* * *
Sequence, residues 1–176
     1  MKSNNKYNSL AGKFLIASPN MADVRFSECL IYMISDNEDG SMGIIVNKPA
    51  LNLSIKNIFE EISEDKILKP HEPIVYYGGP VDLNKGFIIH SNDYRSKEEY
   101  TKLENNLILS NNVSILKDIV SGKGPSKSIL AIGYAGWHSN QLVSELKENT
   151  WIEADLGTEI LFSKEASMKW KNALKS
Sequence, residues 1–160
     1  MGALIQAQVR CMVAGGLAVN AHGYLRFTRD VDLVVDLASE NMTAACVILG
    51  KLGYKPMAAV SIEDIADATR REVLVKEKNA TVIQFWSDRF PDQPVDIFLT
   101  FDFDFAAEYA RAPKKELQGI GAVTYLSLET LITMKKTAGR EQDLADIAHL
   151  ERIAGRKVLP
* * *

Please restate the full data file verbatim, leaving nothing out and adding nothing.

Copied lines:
Sequence, residues 1–176
     1  MKSNNKYNSL AGKFLIASPN MADVRFSECL IYMISDNEDG SMGIIVNKPA
    51  LNLSIKNIFE EISEDKILKP HEPIVYYGGP VDLNKGFIIH SNDYRSKEEY
   101  TKLENNLILS NNVSILKDIV SGKGPSKSIL AIGYAGWHSN QLVSELKENT
   151  WIEADLGTEI LFSKEASMKW KNALKS
Sequence, residues 1–160
     1  MGALIQAQVR CMVAGGLAVN AHGYLRFTRD VDLVVDLASE NMTAACVILG
    51  KLGYKPMAAV SIEDIADATR REVLVKEKNA TVIQFWSDRF PDQPVDIFLT
   101  FDFDFAAEYA RAPKKELQGI GAVTYLSLET LITMKKTAGR EQDLADIAHL
   151  ERIAGRKVLP